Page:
Installation view of Design for Mobile Living, June 2016. Photo by Mitro Hood.
Installation view of Design for Mobile Living, June 2016. Photo by Mitro Hood.

Exhibition highlights artworks worn or associated with the body

BALTIMORE, MD (June 29, 2016)—The Baltimore Museum of Art (BMA) explores the ways in which nomadic life shapes creativity and artistic form. On view now through November 27, Design for Mobile Living: Art from Eastern Africa presents 28 visually striking works, including examples of necklaces, bracelets, shields, fertility dolls, and vessels. Many never before on view, the objects were created by 19th and 20th century artists who lived in cattle herding groups from the Great Rift Valley to the horn of the
African continent. Light-weight, portable objects showcase how in mobile societies body ornamentation becomes art. Kalenjin, Maasai, Samburu, Somali, and Turkana artists are represented.

“Few art museums have prioritized the collection and display of art from Eastern Africa,” said Kevin Tervala, Curatorial Fellow for the Arts of Africa, the Americas, Asia & the Pacific Islands. “The BMA is proud to feature these works so that visitors can appreciate the artistic sensibilities of historic societies markedly different from our own.”

Organized by Kevin Tervala, Curatorial Fellow for the Arts of Africa, the Americas, Asia & the Pacific Islands, with Associate Curator for African Arts Shannen Hill.

This exhibition is generously sponsored by Amy L. Gould and Matthew S. Polk, Jr.

African Art Collection
The BMA has one of the earliest and most important collections of African art in the United States with more than 2,000 objects spanning from ancient Egypt to contemporary Zimbabwe. A major gift from the collection of Janet and Alan Wurtzburger in 1954 marked the beginning of a permanent display of African art at the BMA and assured a significant place for African art within the museum’s growing collection. More than 200 African cultures are represented in the collection. Diverse in medium, works range from paintings and headdresses to masks, figures, staffs, textiles, jewelry, ceremonial weapons, and pottery. Several pieces are internationally known as the best of their type.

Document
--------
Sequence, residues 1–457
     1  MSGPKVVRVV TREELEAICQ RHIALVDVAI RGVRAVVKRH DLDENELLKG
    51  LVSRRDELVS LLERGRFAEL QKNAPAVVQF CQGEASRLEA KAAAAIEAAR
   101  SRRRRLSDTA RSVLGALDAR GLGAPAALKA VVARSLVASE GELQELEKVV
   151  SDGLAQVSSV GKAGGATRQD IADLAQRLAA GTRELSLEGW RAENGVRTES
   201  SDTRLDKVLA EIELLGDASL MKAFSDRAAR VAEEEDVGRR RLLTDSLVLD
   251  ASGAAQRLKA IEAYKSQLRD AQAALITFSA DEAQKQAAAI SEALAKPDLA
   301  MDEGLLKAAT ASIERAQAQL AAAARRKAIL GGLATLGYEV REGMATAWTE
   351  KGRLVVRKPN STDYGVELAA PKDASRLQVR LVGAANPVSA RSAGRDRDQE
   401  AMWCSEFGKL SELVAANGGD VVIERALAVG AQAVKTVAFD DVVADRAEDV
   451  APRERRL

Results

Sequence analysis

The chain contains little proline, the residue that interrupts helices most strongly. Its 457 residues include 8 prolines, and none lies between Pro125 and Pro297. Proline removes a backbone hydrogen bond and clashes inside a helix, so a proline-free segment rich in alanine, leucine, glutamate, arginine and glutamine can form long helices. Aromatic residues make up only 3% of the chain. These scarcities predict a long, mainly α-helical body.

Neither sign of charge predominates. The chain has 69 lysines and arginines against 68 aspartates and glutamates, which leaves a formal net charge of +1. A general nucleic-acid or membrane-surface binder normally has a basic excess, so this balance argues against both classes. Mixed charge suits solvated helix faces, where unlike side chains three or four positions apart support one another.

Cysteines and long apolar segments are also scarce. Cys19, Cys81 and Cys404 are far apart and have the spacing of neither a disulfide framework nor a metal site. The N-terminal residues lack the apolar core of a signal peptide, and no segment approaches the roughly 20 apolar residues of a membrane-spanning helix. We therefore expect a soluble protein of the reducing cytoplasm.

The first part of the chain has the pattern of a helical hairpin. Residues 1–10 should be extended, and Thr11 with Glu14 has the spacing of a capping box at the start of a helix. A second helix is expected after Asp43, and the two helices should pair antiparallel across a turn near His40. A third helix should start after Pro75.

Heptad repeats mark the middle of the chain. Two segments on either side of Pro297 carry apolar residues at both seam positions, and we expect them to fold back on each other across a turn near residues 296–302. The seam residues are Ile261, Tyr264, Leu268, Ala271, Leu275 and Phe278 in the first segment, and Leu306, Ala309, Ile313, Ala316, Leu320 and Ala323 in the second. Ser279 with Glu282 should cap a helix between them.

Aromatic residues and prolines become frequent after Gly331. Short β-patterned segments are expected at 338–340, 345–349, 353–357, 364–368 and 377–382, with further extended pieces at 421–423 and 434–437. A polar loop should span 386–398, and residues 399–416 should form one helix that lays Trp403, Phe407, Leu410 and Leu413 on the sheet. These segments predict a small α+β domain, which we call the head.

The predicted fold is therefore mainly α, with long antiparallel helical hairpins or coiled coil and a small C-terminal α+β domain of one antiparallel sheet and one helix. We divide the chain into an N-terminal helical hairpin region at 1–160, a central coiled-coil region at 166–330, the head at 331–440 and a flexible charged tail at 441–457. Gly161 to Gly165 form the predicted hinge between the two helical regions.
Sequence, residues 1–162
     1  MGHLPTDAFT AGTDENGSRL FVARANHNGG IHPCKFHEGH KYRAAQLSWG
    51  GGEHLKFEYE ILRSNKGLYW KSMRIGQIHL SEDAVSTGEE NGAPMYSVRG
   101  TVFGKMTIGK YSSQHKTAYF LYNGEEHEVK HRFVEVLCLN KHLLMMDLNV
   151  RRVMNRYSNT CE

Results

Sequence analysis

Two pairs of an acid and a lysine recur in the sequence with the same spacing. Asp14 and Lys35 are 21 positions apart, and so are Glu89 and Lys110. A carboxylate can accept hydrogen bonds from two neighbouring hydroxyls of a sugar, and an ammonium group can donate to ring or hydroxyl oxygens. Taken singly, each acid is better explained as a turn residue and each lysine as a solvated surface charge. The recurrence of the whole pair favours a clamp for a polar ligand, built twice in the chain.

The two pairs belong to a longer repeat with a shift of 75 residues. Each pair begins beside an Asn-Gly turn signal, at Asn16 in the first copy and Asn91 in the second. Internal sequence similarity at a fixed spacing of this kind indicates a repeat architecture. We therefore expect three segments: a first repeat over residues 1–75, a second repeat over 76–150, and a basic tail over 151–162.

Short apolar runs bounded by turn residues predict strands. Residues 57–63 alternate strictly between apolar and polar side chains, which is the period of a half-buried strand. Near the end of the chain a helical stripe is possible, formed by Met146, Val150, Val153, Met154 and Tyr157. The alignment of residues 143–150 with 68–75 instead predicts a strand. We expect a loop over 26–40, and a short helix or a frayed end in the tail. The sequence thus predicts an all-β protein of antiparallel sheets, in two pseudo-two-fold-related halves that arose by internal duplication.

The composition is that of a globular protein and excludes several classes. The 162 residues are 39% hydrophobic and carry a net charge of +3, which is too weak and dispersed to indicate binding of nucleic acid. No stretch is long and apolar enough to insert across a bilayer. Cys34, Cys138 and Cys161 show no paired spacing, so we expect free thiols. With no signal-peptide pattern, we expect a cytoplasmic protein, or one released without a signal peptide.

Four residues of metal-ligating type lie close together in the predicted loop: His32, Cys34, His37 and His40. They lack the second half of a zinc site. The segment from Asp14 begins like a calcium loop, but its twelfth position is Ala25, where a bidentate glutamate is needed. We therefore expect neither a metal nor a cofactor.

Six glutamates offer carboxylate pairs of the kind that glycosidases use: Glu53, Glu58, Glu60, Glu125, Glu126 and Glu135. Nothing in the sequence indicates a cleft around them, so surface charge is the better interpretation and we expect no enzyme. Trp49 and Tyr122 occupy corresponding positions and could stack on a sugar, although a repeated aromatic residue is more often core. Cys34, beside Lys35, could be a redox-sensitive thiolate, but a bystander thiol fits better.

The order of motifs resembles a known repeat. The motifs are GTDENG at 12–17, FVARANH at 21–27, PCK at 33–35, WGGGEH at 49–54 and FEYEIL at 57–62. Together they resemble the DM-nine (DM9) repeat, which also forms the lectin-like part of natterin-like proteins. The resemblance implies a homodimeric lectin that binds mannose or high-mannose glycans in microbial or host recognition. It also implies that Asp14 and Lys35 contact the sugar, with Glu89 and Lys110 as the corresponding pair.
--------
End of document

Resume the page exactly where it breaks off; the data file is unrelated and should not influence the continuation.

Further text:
About the Baltimore Museum of Art

Founded in 1914, the Baltimore Museum of Art (BMA) inspires people of all ages and backgrounds through exhibitions, programs, and collections that tell an expansive story of art—challenging long-held narratives and embracing new voices. Our outstanding collection of more than 97,000 objects spans many eras and cultures and includes the world’s largest public holding of works by Henri Matisse; one of the nation’s finest collections of prints, drawings, and photographs; and a rapidly growing number of works by contemporary artists of diverse backgrounds. The museum is also distinguished by a neoclassical building designed by American architect John Russell Pope and two beautifully landscaped gardens featuring an array of modern and contemporary sculpture. The BMA is located three miles north of the Inner Harbor, adjacent to the main campus of Johns Hopkins University, and has a community branch at Lexington Market. General admission is free so that everyone can enjoy the power of art.

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Press Contacts

For media in Baltimore:

Anne Brown
Baltimore Museum of Art
Senior Director of Communications

Sarah Pedroni
Baltimore Museum of Art
Communications Manager

For media outside Baltimore:

Alina Sumajin
PAVE Communications